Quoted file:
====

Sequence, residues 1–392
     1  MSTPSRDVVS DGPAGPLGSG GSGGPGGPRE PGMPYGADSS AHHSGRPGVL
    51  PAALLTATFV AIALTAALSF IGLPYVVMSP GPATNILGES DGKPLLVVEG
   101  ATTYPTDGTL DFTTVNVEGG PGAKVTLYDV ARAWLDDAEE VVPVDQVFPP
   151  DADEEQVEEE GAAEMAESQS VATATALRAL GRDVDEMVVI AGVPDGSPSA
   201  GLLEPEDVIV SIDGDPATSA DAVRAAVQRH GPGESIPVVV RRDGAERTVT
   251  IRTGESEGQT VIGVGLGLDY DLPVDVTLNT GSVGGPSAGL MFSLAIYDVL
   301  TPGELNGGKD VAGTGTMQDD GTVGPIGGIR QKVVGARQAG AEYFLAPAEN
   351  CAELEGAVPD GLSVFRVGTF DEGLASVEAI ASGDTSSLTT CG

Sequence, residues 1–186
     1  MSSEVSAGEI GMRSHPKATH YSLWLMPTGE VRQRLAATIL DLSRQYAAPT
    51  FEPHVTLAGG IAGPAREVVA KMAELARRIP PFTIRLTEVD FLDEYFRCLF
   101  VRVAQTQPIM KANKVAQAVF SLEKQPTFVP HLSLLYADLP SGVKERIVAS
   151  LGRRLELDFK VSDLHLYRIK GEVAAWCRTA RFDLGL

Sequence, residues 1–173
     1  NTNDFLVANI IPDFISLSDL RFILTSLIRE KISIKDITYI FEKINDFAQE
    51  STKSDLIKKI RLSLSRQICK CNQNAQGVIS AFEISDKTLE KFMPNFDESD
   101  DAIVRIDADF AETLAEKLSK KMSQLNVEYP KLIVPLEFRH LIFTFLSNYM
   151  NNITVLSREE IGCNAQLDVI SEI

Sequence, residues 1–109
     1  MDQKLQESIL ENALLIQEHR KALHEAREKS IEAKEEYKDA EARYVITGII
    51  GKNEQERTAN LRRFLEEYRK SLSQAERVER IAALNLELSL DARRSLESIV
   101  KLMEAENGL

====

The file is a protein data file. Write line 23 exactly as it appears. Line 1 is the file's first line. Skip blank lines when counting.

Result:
   101  KLMEAENGL